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Editor's Voice: We got prudence - yes, we do!

Posted 3/4/14

It was just two weeks ago that we called for prudence in Lower Swatara Twp.’s assessment of the proposed new high school that will be built by the Middletown Area School District in the face of what seemed like tension between the regulator …

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Editor's Voice: We got prudence - yes, we do!

Posted

It was just two weeks ago that we called for prudence in Lower Swatara Twp.’s assessment of the proposed new high school that will be built by the Middletown Area School District in the face of what seemed like tension between the regulator (the township) and the developer (the district). Then wham! – the township’s Board of Commissioners approved the final land development plan at a meeting on the night our editorial appeared on newsstands.

 

We’d love to believe that it’s because of our wise words. In truth, it was probably because we underestimated the ability of two political bodies to work together to reach a reasonable agreement. We’re delighted we now have to say: Oops. Our bad.

But could you blame us for our apprehension, especially in the wake of federal government shutdowns and the nastiness that passes as political debate nowadays, both on TV and on the Internet? Here were two sides seemingly chafing each other so severely just a week or two before the approval that they were playing the “Peanuts’’ card in anger and frustration to stand their ground.

 

You remember the comic strip: Charlie Brown would attempt to kick the football while his neighbor, Lucy, held it – but she would snatch it away at the last minute, and he would fall. Well, the district suggested that the commissioners were playing Lucy to their Charlie Brown, withholding approval until their concerns were met. The district had hoped to begin construction soon – as soon as this spring – and open the new high school in the fall of 2016. Apparently it didn’t anticipate that the commissioners would have problems with proposed parking and curbing, and that it might have to spend more money than it expected to address them.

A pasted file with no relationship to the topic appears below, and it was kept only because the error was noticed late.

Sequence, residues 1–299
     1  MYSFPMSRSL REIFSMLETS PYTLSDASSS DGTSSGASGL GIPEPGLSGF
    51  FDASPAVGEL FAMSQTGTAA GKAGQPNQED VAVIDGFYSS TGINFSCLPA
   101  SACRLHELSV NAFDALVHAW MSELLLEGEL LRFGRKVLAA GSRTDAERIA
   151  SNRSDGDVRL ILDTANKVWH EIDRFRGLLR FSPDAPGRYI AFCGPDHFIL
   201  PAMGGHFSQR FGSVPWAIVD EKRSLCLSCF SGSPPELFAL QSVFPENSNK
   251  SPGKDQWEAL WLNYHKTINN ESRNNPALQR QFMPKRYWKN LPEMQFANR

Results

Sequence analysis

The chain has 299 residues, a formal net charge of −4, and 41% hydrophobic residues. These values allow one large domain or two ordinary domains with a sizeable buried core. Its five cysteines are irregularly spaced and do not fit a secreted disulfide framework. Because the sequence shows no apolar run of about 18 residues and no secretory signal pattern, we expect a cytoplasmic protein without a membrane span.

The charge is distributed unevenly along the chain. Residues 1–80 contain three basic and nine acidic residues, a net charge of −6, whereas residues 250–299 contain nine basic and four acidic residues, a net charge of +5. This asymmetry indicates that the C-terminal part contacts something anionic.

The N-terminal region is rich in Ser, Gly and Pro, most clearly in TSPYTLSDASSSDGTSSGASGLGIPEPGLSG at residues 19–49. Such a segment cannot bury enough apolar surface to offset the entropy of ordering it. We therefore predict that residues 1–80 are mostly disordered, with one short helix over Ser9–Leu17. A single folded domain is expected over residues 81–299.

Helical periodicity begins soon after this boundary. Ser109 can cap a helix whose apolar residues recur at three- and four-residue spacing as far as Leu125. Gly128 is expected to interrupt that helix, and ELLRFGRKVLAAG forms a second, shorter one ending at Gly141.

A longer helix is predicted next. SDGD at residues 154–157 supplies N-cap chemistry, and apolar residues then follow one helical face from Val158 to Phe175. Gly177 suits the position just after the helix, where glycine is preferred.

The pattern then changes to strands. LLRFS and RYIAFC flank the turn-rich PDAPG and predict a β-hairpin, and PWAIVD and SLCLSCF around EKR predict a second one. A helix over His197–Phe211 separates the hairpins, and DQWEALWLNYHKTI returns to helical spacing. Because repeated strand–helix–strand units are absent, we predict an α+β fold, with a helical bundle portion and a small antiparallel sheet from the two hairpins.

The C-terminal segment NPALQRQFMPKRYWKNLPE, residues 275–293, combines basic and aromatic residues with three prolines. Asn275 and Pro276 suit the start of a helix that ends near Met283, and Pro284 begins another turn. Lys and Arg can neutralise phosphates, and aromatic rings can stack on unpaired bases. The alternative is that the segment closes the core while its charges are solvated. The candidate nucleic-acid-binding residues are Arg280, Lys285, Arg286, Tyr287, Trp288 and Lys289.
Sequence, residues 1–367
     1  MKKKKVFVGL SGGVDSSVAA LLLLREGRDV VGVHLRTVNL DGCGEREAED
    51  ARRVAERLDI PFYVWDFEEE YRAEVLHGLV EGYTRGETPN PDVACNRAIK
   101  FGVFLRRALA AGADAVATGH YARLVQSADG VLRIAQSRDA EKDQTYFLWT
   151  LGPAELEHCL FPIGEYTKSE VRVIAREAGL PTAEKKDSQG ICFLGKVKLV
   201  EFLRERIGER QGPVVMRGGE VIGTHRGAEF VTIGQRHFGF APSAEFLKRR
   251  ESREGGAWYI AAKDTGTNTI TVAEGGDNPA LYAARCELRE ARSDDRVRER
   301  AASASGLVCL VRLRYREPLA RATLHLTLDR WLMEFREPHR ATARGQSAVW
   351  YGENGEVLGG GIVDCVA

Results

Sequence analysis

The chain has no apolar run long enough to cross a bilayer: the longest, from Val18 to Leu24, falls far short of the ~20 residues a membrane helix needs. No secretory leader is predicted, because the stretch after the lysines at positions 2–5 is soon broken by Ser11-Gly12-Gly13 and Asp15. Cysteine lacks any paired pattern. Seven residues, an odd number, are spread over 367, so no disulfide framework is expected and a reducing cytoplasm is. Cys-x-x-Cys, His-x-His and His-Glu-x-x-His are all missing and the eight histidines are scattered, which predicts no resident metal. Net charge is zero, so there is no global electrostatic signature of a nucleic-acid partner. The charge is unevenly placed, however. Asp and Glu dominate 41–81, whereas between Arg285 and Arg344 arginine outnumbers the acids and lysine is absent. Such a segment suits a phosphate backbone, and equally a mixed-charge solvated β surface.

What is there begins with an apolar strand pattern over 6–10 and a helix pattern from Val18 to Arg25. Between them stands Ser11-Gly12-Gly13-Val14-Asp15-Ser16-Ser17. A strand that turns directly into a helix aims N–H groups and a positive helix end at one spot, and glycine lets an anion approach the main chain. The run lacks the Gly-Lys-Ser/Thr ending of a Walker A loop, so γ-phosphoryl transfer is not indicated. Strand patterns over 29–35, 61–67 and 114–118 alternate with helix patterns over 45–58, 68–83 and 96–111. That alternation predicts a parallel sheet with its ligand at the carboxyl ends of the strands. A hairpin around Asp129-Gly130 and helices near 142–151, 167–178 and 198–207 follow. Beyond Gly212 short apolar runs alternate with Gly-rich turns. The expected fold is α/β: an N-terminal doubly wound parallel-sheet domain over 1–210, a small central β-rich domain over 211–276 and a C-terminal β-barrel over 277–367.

It brought this retort from Commission President Thomas Mehaffie III to district representatives at one public meeting: “I don’t consider us Lucy.’’

 

Indeed, fears that the township might play hardball with the district as a protest against the multimillion-dollar project – though the current Middletown Area High School is deteriorating, some question whether it would be cheaper to renovate it than tear it down and build anew – and a possible property tax increase in the future to pay for it were unfounded.

 

Turns out the commissioners simply were doing their job the way they believe it should be done. No hidden agenda. It’s impossible to misread this assessment of the commissioners’ approval by Howard Kelin, the district’s attorney shepherding the project through the approval process: “To say that this is completely satisfactory would be an understatement.’’

 

Now the project moves forward. The district has set a maximum expenditure of $40.3 million for it, and it is hoped that there will be few, if any, cost overruns.

 

In fact, the new high school could be built without an increase in property taxes, with a little luck in obtaining a low interest rate on general obligation bonds and some nifty balancing of district debt, according to a financial advisor hired by the board.

 

If a new building lasts 40 years, many of us will be gone from this earth by the time a replacement is needed. If we can endure the cost without a significant tax increase, it will be a job well done, on all fronts.

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